But it's not enough for Will. He loves Lou—that much is true—but being intimate with her only reminds him of his limitations. Furthermore, he knows that Lou has "no idea how [she's] going to feel even six months from now" (23.163). She might be exhausted taking care of him by then. As you can imagine, Lou doesn't take this well, thinking that he's saying that she's not good enough, rather than understanding that the real issue is everything else besides her.

Although she gives Will the silent treatment at first, Lou ultimately accompanies him to Dignitas to share his final moment. This decision is met with a furious response from her mother, who says that Lou shouldn't return home if she decides to go. While this is a massive bummer, it's also a big step. Lou has always been hemmed in by her small town and small family, but now she's being forced to spread her wings. She's being forced to rebuild her life on her own terms.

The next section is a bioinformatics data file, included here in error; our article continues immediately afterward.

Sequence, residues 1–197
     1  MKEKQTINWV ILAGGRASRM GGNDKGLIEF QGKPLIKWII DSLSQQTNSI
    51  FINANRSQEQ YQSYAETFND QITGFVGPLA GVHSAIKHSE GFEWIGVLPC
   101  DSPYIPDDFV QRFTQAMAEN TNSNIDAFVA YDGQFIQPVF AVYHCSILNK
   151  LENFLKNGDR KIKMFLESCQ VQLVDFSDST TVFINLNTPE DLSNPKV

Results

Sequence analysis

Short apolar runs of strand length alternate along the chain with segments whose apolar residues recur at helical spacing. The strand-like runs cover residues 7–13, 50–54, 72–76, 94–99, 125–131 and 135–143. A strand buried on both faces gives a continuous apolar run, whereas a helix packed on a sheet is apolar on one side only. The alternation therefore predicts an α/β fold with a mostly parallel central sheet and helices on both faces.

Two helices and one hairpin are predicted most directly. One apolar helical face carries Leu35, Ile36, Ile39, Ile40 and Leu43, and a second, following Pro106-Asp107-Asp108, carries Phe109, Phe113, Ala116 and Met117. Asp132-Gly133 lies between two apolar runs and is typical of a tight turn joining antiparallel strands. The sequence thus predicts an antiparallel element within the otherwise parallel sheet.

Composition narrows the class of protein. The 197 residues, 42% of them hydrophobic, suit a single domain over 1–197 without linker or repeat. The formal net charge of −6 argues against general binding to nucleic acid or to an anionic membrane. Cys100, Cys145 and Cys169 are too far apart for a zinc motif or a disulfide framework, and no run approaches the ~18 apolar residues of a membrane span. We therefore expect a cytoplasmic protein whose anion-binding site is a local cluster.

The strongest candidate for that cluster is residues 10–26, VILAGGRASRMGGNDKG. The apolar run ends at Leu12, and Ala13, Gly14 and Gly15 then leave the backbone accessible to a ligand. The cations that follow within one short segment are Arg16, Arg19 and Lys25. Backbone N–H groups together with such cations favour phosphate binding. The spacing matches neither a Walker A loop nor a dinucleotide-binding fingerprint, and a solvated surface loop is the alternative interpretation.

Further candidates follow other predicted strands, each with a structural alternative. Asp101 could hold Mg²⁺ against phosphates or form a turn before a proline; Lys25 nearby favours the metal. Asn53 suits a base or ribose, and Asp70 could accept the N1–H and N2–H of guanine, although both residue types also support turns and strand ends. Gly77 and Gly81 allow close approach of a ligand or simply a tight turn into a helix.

It'll be hard, but she's already halfway there. Will has changed Lou in numerous ways, showing her the value in exploring the world and encouraging her to go back to school. He's caused her a lot of pain too, of course, but as he says in the letter he writes to her before his death, he hopes that knowing him has opened her up to a whole new way of living.

The novel ends with Lou in Paris, Will's favorite place, finally setting out to do things on her own: "And stepping out from behind the table, I [...] set off down the street toward the parfumerie and the whole of Paris and beyond" (e.32). That ending lets us know that although grieving will take time, Lou will be a better person when she emerges on the other side.